Prevention and management strategies are crucial to turn back the tide regarding obesity and diabetes. Evidence demonstrates that risks of chronic disease begin in the uterus and continue into old age. Therefore, strategies to address the problem at all stages of the life cycle are important, including paying particular attention to obesity and diabetes in women of reproductive age.
The frequency of medical care and health expenditures among those with diabetes increases as early as eight years before clinical onset of the disease. This means that persons at the highest risk for type 2 diabetes are often already in contact with the health system and can be easily identified. People with prediabetes have been shown to have increased risk for diabetes and cardiovascular diseases. Diabetes screening facilities are the opportune identification point for such at-risk individuals, or for those in the early stages of obesity and diabetes, when non-pharmacological treatment may still be a preferred option. Studies have demonstrated that approximately one-third of people with type 2 diabetes are undiagnosed, and already present complications at the time of diagnosis.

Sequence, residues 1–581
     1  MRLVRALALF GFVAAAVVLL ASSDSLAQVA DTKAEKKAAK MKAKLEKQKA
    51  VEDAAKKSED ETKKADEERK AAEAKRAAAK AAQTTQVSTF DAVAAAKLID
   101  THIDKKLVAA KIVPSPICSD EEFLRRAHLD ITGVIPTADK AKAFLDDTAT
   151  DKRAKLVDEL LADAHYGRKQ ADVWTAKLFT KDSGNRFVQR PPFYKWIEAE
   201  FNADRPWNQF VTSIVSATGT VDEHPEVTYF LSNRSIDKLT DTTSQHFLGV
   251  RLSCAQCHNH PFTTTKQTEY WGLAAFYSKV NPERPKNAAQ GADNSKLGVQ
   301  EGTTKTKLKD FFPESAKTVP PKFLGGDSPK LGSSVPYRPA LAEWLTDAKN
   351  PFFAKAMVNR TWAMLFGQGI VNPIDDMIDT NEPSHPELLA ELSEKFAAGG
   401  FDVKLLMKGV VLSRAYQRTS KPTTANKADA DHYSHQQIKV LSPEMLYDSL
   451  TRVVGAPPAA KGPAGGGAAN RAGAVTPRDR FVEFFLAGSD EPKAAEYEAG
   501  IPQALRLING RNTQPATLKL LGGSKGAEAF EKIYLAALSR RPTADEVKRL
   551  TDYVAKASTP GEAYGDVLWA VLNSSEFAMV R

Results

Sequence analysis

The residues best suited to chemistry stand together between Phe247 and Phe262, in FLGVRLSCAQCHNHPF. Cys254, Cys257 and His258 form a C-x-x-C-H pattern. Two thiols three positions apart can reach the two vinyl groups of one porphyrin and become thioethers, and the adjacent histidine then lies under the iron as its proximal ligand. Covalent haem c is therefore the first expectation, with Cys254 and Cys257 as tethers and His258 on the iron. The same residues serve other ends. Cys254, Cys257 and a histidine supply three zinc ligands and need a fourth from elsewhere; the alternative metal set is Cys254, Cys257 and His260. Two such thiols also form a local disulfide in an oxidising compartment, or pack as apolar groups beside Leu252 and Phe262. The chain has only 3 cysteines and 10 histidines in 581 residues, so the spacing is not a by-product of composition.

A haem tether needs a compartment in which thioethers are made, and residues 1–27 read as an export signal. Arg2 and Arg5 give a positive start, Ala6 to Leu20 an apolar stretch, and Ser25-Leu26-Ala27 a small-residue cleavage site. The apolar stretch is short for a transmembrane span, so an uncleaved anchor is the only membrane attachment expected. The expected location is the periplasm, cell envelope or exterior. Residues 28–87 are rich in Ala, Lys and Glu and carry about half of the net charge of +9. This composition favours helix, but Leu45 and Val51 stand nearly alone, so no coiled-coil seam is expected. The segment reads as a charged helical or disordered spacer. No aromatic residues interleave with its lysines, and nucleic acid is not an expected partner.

Two approaches need to be used to implement prevention strategies: the population-based approach and the individual, high-risk approach. The individual approach focuses on high-risk or affected individuals through direct interventions.
The population and individual approaches are complementary and function best when combined in an integrated manner.